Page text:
Carrier 1 further carries a second rigid plate 11, which forms part of the upper backrest part 2 and is provided on its front side with a second pressure-distributing layer 10, which can be of the same type as first pressure-distributing layer 8.

By means of curved slotted holes 14 present in carrier 1 and coupling bolts 13 the plate 11 with layer 10 can be placed within certain limits into the desired spatial position relative to carrier 1 with one degree of freedom of rotation or pivoting.

FIG. 2 shows backrest 5 according to the invention, now however connected by means of clamps 6, pins 7 and holders 17 to two more or less vertical frame tubes 21, with handles, of for instance a wheelchair. Backrest 5 is supported in the height in that pins 7 are suspended in holders 17.

Holders 17 are height-adjustable in that bolt 18 clamps U-shape 20 and fitting piece 19 around frame tube 21. Pin 7 rests in fitting piece 19 during use.

FIG. 3 elucidates above stated aspects. It can be seen that left and right-hand bolts 16 can each be fastened at three locations in carrier 1 in the upper series of holes 15 for the purpose of mounting clamps 6 at the desired position in carrier 1. The same applies for left and right-hand pins 7, but then in the lower row of holes 15.

Added on both sides to the second rigid plate 11 is an angle measuring device 4. This may be embodied for instance as a spirit level and indicates the angular position of upper backrest part 10, 11 relative to the horizontal plane.

FIG. 4a shows the setting options for determining the height of carrier 1 in continuously variable manner. By means of bolt 18 the holder 17 can be displaced in height to for instance 17′, resulting in 1′, with the purpose of being able to determine the height of backrest 2 relative to frame tube 21.

FIG. 4b shows the setting options for determining the depth of carrier 1 in discrete steps. By means of bolt 16 the clamp 6 can be placed in three positions on carrier 1. Pin 7 can also be placed in three positions. Position 6 and 7 result in position 1, a position in which the backrest is set in the extreme forward position. Position 6′ and 7′ result in position 1′, a position in which the backrest is set in the extreme backward position.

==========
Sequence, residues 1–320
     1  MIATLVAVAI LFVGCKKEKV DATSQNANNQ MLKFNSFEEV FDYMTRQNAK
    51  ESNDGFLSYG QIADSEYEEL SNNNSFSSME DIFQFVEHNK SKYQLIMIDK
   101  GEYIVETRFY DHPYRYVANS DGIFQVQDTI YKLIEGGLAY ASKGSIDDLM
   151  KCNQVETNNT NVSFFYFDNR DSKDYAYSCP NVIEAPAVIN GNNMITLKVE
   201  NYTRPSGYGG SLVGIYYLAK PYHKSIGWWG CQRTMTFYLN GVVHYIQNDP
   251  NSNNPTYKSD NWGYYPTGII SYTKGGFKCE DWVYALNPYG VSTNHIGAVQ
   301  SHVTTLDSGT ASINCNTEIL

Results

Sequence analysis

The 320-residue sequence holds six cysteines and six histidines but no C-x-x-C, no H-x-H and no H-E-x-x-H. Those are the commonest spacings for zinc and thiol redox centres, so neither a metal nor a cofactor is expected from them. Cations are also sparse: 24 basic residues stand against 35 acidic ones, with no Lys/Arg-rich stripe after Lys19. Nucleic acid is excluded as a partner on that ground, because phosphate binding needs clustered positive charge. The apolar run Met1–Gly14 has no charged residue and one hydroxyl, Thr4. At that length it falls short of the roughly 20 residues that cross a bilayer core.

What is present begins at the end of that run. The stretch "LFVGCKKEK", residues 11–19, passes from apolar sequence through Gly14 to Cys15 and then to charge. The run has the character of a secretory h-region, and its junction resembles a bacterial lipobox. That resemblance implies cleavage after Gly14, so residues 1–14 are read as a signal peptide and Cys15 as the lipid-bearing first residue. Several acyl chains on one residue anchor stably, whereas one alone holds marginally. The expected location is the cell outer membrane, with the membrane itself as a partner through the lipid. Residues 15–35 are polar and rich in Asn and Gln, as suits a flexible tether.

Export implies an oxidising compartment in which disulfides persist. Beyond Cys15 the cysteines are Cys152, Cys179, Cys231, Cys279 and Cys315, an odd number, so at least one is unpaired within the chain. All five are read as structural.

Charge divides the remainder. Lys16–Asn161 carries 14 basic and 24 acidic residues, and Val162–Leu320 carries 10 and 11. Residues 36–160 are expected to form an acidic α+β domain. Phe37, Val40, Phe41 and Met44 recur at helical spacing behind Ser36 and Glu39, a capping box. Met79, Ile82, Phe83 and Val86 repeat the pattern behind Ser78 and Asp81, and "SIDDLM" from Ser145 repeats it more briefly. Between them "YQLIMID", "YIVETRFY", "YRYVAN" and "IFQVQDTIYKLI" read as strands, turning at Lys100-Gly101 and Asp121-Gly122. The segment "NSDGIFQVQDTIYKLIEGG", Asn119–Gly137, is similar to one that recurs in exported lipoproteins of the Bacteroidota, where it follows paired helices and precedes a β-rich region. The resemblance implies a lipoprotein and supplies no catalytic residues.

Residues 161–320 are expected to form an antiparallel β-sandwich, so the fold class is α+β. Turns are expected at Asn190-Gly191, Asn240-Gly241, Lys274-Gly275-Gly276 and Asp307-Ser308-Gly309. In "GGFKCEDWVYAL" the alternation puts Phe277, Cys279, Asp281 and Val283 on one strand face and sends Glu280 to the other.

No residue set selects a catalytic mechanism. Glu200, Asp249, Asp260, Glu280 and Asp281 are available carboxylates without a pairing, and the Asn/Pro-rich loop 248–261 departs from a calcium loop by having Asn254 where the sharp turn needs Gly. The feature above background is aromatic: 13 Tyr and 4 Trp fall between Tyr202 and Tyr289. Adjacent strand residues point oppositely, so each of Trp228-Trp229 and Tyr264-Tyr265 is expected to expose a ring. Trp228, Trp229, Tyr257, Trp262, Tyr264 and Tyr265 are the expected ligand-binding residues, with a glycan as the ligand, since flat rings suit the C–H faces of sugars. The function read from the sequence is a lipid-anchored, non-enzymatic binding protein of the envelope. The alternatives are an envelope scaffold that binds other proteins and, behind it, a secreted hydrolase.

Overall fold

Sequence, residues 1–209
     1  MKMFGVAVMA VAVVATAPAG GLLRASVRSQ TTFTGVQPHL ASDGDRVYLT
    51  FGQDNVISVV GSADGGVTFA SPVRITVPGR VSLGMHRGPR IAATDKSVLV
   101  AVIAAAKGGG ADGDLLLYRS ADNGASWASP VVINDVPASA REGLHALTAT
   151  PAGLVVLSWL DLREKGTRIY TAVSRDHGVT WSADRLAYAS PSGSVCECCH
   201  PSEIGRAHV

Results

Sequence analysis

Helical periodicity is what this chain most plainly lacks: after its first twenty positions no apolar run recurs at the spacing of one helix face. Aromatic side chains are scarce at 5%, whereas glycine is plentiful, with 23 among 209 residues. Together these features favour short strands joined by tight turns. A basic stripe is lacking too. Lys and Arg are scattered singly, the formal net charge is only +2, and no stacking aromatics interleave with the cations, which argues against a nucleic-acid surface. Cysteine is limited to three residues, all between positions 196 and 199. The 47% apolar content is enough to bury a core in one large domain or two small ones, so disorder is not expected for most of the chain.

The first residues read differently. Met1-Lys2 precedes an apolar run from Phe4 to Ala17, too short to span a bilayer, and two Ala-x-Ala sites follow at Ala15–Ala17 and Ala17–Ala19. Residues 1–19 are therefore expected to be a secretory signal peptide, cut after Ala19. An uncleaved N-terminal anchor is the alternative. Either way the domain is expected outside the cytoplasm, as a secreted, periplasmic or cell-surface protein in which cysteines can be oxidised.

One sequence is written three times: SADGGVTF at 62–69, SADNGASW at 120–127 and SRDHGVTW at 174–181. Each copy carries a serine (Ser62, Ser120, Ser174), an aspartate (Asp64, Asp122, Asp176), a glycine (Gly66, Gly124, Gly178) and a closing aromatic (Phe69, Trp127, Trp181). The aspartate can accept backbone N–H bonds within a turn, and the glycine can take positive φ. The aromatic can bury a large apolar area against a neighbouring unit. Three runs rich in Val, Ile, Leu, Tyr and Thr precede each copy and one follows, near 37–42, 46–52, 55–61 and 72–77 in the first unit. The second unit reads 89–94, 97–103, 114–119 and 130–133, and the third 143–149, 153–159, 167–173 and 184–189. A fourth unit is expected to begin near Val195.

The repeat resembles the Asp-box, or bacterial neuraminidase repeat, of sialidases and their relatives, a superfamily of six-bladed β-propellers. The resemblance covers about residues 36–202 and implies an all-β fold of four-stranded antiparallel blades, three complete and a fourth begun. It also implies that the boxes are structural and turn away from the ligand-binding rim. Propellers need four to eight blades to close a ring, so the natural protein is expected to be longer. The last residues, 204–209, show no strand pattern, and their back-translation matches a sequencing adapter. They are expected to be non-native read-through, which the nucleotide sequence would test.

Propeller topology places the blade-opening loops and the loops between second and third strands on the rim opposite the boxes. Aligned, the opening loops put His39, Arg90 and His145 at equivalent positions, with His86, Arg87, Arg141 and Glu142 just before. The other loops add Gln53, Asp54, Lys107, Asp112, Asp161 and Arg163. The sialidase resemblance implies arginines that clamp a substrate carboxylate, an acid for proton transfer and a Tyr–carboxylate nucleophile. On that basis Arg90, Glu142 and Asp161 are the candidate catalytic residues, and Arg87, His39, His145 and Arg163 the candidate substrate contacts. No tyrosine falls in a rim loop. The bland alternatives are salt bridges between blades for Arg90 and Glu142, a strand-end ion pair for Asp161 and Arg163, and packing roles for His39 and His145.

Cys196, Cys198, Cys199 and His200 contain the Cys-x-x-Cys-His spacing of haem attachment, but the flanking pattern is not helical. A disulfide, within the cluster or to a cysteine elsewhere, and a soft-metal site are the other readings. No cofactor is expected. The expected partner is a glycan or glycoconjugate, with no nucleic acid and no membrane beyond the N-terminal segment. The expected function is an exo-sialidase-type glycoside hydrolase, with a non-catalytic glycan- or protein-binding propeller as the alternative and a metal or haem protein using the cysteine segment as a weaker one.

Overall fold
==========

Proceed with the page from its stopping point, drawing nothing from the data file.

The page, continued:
FIG. 4c shows the setting options for tilting carrier 1 to 1′ by displacing pin 7 to 7′. This provides the option of increasing the tilting range of back parts 3 and 2 relative to the horizontal plane.

FIG. 5 elucidates this aspect further. A seated person 26 is supported by a seat part 23, has placed his feet on a footrest 24, has placed his arms on armrests 25 and his back is supported by the lower backrest part 3 and the upper backrest part 2. Added to the upper backrest part 2 in the above described manner is angle measuring device 4. It will be apparent from FIG. 3 that angle measuring device 4 shows the functional backrest angle (ν+∀).

FIG. 6a shows a straight and unstable back support, while FIG. 6b shows a stable back support. These figures show the difference between an unstable torso posture and a stable torso posture. The unstable back support according to FIG. 6a can be recognized by the fact that the mass centre M of torso 27 lies in front of the vertical line through pivot point S. In this situation the point M also lies in front of the dotted line through S and T, which represents the position of pelvis 28, while for a stable back support it should lie on or just behind this line.

FIG. 6b shows a stable back support. In this situation the mass centre M of torso 27 lies behind vertical line S and on the dotted line through S and T. An anatomically optimal back support is realized with this combination of features.

Further indicated in FIG. 6b are two other situations, in which the torso is designated respectively 27′ and 27″, in which the model occupies respectively a labile back support posture and a posture without any back support.

FIG. 7a shows schematically in the shown model the pivot point S between torso 27 and pelvis 28.